It Takes a Collective Approach to Solve a Community Problem.

Promoting healthy living requires the commitment of the entire community. We believe that all of us want to be healthy and share in the benefits of a healthy life. But we can’t get something when it isn’t there and when everyone is not committed to achieving that dream. Over the past 6 years, Philadelphia Ujima Coalition for a Healthier Community has been partnering with schools, workplaces, organizations, and communities across the region to help people achieve the dream of good health.

Mission and Goals

The mission of the Philadelphia Ujima Coalition for a Healthier Community:
INFUSE the voice and strength of our communities into our organic, innovative coalition of care that is woven into the fabric of our social connections and makes sense to each person, family and neighborhood.
ENGAGE, innovate and use practical solutions to wellness and health education to serve as a catalyst for change – from the individuals to the groups in which we live and contribute;
CO-CREATE our unique model of health promotion that helps each member, each partner, our families and Philadelphia
Our vision is to develop a robust and organic collaborative network with a shared commitment to health using a gender focused, community participatory approach to health education and promotion that results in a replicable model for healthier organizations and people.

Our goals are to:

1. Address gender based constraints that influence health disparities and promote health and wellness for girls, women and families (including men) that result in improved health outcomes across multiple health conditions.

2. Implement Gender Integrated Health Education and Promotion intervention, outreach and social media programming with partner and affiliate sites.

History and Funding: An Evolution of Philadelphia Ujima Health Education and Promotion

Program Timeline:

2007
In 2007, the Philadelphia Ujima: Mind Spirit Body Health Collaborative was established. The collaborative received funding from the U.S. Department of Health and Human Services, Office on Women’s Health Advancing System Improvements to Support Targets for Healthy People 2010 Grant (ASIST 2010), to reduce health disparities and promote achievement of Healthy People 2010 goals in underserved communities in Philadelphia. The collaborative began with 5 faith based and social service organizations.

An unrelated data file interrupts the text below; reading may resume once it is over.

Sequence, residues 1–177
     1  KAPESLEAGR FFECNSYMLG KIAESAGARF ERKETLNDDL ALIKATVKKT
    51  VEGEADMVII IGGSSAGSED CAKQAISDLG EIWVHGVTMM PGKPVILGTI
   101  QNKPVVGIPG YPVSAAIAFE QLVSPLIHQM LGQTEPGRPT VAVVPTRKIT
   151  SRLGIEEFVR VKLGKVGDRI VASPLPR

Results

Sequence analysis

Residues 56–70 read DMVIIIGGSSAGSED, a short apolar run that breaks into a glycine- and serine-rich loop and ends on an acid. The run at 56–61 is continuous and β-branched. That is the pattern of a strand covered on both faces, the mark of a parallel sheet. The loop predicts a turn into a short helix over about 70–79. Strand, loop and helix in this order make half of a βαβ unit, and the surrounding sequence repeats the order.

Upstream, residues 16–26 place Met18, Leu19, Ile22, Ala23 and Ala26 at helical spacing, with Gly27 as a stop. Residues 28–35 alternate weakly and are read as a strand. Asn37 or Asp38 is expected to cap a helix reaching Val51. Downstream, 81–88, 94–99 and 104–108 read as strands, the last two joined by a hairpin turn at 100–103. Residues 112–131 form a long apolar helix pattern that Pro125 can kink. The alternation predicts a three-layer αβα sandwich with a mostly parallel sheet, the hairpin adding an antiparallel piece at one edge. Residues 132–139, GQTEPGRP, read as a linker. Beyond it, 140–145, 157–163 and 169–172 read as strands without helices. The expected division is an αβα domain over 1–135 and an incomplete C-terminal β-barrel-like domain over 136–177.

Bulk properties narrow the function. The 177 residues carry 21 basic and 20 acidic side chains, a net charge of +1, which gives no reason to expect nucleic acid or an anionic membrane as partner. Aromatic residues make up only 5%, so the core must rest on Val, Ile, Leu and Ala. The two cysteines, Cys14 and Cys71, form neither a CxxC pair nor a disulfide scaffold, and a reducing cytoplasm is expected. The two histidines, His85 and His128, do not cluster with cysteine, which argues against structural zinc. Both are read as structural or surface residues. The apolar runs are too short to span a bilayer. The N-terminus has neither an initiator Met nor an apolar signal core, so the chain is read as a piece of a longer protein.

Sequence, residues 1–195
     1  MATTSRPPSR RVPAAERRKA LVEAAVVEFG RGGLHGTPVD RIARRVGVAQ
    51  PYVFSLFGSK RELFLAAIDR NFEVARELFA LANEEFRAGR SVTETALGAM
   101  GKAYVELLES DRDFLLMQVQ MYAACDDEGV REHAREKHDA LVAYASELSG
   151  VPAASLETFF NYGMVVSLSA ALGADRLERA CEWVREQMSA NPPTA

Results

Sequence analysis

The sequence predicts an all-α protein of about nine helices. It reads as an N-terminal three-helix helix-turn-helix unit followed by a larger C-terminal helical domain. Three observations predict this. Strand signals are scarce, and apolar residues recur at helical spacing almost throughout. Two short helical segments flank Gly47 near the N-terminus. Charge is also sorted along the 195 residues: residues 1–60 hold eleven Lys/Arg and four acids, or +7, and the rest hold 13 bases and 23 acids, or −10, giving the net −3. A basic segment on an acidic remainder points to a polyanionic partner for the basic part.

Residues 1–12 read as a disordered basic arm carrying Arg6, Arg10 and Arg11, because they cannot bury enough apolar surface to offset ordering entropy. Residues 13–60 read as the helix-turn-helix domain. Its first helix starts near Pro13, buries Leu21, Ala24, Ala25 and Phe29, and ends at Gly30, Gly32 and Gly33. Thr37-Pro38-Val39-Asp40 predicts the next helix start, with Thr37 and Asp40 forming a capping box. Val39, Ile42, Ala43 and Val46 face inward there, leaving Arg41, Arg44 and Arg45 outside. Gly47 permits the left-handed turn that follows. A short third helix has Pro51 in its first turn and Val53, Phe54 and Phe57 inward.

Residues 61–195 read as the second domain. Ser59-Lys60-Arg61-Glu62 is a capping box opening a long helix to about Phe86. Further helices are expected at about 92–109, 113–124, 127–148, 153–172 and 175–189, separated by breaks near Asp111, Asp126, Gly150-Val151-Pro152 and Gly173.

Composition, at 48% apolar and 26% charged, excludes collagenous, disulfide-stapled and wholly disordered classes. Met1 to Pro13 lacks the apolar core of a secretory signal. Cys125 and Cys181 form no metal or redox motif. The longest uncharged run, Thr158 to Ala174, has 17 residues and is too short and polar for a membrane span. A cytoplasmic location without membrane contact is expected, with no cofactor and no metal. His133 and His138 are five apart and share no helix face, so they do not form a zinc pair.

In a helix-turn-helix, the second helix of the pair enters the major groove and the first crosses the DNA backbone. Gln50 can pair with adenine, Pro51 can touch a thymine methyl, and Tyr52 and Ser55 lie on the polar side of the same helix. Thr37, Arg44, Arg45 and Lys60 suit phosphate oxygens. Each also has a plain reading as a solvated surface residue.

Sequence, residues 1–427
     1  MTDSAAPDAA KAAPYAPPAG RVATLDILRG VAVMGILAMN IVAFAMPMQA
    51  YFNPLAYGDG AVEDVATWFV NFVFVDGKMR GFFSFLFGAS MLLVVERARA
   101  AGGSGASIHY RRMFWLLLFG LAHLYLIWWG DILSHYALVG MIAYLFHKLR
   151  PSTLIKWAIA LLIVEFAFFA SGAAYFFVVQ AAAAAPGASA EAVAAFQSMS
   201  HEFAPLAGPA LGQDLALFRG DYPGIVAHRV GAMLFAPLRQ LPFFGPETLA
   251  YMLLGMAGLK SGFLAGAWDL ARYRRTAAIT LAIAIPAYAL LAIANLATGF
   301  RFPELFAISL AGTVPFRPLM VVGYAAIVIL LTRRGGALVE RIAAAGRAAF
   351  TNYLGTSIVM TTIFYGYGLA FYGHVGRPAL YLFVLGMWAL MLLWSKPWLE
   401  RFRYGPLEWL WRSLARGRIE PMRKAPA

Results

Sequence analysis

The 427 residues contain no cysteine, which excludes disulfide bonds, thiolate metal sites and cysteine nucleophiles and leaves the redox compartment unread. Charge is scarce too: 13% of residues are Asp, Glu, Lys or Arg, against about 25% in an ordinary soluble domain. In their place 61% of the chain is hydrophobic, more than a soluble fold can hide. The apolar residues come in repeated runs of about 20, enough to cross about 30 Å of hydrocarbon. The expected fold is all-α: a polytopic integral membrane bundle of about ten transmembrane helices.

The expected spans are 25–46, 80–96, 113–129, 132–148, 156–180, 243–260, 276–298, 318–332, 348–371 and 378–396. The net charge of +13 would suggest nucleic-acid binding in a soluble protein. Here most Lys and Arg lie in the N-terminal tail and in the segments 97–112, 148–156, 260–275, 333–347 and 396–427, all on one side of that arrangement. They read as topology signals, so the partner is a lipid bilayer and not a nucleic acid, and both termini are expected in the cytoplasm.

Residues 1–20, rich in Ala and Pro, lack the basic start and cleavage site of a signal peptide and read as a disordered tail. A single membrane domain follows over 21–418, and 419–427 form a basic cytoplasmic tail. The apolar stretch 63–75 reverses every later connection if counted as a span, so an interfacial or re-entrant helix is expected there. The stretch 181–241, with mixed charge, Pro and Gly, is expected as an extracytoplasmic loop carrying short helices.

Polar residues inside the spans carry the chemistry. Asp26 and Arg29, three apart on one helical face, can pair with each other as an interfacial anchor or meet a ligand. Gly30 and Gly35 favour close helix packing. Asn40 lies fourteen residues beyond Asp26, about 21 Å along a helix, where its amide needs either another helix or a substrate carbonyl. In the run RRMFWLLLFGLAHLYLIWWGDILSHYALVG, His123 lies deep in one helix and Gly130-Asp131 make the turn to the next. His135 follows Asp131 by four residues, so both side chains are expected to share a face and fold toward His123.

2008-2010
With ASIST2010 funding, Philadelphia Ujima developed a robust and organic collaborative network with a shared commitment to health using a gender focused, community participatory approach to health education and promotion, which resulted in a replicable model for healthier organizations and people. This model included ALL stakeholders to improve health outcomes, promote health advocacy, and support system level change. It promoted individual change (“ground up”), and utilized traditional social networks for reinforcing behavior by delivering and reinforcing health messages where people lived and congregate in faith and community based organizations. The program noted many successes as it delivered over 100 health education workshops to 3500 participants and trained over 60 lay health workers. Participants were successful in making behavior changes such as accessing recommended screenings and increasing daily fruit and vegetable consumption and physical activity.

2010-2011
Building upon the successes of our model, Ujima expanded the community partnerships in the Philadelphia Ujima Coalition (Coalition for Healthier Communities). In 2010, the Office on Women’s Health awarded the Coalition additional funding to conduct a community needs assessment to determine priority areas for girls’ and women’s health and wellness in Philadelphia. A strategic action and implementation plan highlighting these priorities and a proposed intervention was developed based on the findings of our gender based needs assessment.

2011- Present

In September 2011, the U.S. Department of Health and Human Services (HHS) launched Phase II of a national initiative entitled the Coalition for a Healthier Community (CHC) and awarded the Coalition with funding to support the implementation of the strategic action plan. The Coalition was awarded funding over a period of five years to address health disparities that affect women and girls, with the goal of producing community-wide behavior change. The Coalition has continued to expand its membership and now includes over 20 academic, faith based, social service, data, governmental, health and wellness organizations.